The global humanitarian problem is getting worse right before our eyes and every other day there are fresh depressing images of displaced people on the move, carrying the little luggage they could salvage on their heads and backs. Political unrest does not discriminate in terms of uprooting people from their lives and as much as the displaced are able bodied, we’ve also seen heart-breaking pictures and footage of frail grandmas and children being helped along. Africa alone has 20.2 Million displaced people, with Kenya playing host to nearly half a million, most of whom are women and children.
However, as much as we witness the refugee crisis, shake our heads and sympathize, we immediately move on with the mind that they’re someone else’s problems. A humanitarian organization somewhere will sort them. And sure enough, there are humanitarian organizations like the UNHCR who do a lot to contain the refugee situation. And to some extent it is understandable why the general population would feel helpless because there have not been any obvious mechanisms through which to help.
Not anymore. The UNHCR has launched the LuQuLuQu campaign, a program through which we Africans can own our refugee problem and shape the narrative of refugees and their fate ourselves. We as the general public and corporate bodies can now also be able to take part in contributing funds to help them re-shape their ambitions and build their lives. LuQuluQu seeks to make use of the African spirit of togetherness that is inherent in our culture. A spirit that promotes sharing of resources, sharing responsibility and caring for one another.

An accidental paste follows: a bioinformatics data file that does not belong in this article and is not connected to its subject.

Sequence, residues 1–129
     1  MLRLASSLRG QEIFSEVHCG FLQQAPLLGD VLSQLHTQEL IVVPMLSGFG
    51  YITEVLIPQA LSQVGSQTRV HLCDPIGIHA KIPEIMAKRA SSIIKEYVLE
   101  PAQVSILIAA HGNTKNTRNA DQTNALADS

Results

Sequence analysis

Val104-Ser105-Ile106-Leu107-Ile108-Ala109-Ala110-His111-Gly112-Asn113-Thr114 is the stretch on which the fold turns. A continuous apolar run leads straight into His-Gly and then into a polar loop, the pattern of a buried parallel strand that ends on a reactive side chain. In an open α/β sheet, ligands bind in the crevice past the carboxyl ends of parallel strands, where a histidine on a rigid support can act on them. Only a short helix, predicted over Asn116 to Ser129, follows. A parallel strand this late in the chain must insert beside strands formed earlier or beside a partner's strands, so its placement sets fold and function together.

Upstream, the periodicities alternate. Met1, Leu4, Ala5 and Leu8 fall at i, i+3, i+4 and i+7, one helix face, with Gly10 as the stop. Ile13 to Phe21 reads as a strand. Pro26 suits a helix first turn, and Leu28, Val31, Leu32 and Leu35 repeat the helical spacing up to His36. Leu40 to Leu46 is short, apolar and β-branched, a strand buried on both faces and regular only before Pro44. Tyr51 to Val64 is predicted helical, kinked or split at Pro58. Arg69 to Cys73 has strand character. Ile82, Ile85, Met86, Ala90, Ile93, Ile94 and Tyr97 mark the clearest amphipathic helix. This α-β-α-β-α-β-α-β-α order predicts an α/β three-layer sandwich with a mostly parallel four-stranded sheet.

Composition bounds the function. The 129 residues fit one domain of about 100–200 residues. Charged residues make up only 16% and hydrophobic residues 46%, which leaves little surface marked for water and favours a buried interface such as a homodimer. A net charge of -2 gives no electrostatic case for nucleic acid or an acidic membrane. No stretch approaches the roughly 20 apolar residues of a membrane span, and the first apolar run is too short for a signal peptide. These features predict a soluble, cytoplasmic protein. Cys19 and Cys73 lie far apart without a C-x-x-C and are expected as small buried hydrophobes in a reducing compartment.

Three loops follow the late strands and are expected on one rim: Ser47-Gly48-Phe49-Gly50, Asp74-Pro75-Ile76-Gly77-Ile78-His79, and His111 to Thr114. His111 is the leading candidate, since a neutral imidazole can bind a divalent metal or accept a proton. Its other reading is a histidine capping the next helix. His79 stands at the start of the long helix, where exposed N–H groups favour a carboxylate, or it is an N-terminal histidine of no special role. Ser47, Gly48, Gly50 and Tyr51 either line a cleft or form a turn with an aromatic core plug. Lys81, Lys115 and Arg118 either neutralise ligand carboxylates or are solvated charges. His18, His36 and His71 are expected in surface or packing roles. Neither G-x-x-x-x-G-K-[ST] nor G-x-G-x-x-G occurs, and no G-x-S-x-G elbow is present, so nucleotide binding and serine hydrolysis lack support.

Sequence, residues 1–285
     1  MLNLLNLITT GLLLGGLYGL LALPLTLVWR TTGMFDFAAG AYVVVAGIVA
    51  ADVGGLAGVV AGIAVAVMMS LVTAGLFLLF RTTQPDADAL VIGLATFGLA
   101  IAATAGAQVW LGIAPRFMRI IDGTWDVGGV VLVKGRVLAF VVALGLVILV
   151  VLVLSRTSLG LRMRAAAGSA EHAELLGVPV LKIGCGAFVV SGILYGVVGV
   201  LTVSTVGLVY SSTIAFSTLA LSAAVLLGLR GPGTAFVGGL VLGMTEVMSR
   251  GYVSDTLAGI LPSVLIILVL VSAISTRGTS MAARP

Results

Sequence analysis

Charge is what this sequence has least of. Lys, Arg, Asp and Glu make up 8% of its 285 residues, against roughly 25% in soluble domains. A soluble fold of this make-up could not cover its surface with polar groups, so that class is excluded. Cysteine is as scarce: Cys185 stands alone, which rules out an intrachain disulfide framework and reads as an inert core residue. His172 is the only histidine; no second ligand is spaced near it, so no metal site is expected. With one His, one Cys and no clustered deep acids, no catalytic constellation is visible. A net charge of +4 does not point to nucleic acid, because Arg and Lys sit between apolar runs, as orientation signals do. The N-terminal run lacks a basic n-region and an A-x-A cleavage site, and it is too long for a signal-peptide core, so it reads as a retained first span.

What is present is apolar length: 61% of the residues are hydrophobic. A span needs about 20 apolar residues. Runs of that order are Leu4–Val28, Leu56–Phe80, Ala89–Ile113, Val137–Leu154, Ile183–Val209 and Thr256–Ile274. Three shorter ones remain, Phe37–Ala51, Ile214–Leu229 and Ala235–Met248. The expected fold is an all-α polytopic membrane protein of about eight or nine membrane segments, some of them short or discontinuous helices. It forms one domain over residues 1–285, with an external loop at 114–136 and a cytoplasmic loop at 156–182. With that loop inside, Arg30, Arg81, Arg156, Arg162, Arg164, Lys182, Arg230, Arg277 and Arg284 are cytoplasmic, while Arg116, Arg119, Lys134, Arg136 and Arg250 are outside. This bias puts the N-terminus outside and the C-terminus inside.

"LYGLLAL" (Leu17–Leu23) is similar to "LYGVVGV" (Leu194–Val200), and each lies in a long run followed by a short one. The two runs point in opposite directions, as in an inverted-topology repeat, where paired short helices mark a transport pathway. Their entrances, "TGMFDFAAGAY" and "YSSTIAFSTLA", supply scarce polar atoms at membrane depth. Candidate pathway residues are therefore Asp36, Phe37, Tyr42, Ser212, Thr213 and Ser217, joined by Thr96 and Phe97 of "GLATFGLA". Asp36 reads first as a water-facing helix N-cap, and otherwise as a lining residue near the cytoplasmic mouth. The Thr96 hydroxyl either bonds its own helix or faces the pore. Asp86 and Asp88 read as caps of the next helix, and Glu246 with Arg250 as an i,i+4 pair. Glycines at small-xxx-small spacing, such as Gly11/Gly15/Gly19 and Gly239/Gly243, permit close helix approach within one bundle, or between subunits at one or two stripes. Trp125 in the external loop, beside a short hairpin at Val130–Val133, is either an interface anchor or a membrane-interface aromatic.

A long standing perception has been that these people are just seated in camps, whiling away time and waiting for handouts. Far from it. These are people with potential for great careers and family, and they can play a huge role in contributing to society if given a chance. They’re people with high capabilities which they can put to use were it not for the fact that they were uprooted from their normal lives through no fault of their own.
The UNHCR (United Nations High Commission for Refugees) has been in operation for 65 years and has been mostly funded by Governments and private sector. In the recent years however, there has been a steady decline in funding to Africa especially because one, the problem is escalating and getting more expensive to contain and two, countries that previously funded refugee programs now have refugees of their own. As displacement of people continues to affect different parts of the world, these countries now find refugees even at their doorstep.
The LuQuLuQu campaign has been launched in 6 African countries, Kenya, South Africa, Nigeria, Ghana, Ivory Coast and Senegal. Here in Kenya, it is being driven by popular influencers Mercy Masika, Pinky Ghelani, Amina Abdi and Biko Zulu whose heart wrenching story of a refugee’s journey from DRC to Kenya you can read here.
To be part of the LuQuluQu community and be able to drive ownership of the African refugee narrative, you can make your donations through the online donation page donate.unhcr.org/luquluqu or Paybill number 329378, account name LuQuLuQu.